Cooking At The Creek: Interview with Chef Veronica Zahra
Wine Pairing and Recipe Tips From the Chef at Jacob's Creek
3. When not drinking Australian wines, what are some of your favorite wines? Do you find some wines easy to pair with a wide variety of dishes?
When not drinking Australian wines, I like Spanish Tempranillo and Italian Sangiovese. But the wines I find easiest to pair with a very wide variety of dishes are Riesling and Shiraz. For Riesling, I recommend Jacob’s Creek Reserve Dry Riesling. In relation to Shiraz, I was recently having a bit of fun looking at salmon, pork, beef and lamb dishes prepared various ways, and we were quite astounded that, while some of the wines suited only one of these dishes, Wyndham Estate BIN 555 went readily with all of them.
4. What is your favorite autumn food and wine pairing?
I really enjoy warm salads in Autumn. The days are still warm but there is that slight crisp edge to the air that makes you start to move away from cold summer meals. Perhaps a crisp, fresh Chardonnay with a salad of pan-fried chicken strips with roasted carrots, oranges and some glacé ginger, dressed with orange rind, mustard and some pistachio nuts or candied walnuts sprinkled over the top.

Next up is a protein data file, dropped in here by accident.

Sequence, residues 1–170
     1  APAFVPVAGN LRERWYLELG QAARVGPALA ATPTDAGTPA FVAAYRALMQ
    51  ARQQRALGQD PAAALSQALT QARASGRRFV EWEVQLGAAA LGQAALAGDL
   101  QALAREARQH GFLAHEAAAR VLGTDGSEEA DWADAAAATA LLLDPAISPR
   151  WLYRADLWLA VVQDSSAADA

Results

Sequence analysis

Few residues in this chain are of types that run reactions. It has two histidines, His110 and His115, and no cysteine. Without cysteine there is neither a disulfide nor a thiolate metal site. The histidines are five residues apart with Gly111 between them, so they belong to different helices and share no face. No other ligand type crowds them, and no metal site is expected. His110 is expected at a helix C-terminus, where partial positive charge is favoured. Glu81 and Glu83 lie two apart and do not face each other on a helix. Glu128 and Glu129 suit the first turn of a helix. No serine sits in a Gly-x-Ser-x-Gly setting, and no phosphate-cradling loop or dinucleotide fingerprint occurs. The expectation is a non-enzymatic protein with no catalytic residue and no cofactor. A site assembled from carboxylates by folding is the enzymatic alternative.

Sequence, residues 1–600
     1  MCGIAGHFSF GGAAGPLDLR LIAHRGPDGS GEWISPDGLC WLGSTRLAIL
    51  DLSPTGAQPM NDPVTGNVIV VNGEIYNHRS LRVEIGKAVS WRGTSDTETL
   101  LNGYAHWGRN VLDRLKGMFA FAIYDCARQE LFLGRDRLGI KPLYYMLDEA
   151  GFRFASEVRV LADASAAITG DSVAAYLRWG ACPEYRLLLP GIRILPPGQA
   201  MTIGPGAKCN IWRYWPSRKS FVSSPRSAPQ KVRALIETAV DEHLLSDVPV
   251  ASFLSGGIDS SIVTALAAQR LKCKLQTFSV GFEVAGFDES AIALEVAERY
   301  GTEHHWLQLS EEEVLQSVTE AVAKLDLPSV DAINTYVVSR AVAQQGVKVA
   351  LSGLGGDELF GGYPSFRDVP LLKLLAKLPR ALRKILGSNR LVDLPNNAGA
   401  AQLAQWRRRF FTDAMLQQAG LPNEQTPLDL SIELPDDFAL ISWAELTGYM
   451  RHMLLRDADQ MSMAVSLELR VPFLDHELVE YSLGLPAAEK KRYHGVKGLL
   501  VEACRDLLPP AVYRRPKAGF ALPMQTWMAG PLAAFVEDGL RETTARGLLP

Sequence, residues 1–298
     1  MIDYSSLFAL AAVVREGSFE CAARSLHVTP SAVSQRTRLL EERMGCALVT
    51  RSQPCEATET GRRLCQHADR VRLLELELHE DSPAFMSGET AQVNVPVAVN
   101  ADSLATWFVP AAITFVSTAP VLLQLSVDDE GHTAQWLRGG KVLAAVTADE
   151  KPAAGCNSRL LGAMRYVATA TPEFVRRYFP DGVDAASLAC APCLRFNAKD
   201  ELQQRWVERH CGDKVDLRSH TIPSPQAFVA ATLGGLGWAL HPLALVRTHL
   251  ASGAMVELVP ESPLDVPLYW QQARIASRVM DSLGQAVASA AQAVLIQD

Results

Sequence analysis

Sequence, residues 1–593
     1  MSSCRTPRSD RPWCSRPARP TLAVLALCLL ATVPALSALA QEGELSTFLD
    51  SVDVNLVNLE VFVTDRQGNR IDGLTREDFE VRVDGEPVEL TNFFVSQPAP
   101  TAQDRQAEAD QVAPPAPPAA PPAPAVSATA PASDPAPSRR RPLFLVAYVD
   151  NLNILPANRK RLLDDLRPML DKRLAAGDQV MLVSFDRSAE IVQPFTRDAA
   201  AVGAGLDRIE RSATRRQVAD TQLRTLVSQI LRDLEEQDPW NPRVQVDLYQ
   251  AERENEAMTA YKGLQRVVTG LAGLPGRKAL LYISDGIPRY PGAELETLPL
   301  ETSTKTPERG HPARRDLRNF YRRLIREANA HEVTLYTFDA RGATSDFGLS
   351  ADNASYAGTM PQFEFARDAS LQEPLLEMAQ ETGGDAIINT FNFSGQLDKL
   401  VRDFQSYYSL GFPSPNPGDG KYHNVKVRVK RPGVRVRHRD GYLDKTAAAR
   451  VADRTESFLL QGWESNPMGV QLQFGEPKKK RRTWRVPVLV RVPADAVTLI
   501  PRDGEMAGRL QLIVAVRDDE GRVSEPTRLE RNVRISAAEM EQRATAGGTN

5. What is the most challenging wine to pair with food and why?
Very acidic wines can be a real challenge! You really need to get the balance of acid, sugar and seasoning just right and it’s something that can really only be done by taste. It’s difficult to write such nuances into a recipe for someone else to cook. You can match acidic wines to acidic dishes to an extent. If the wine is very acidic you want to bring some sweetness to the dish, but it still needs to have an acidic backbone, such as sweet and sour sauce. I quite like using fragrant herbs such as lemongrass and chili with acidic wines as well. It’s all an adventure.
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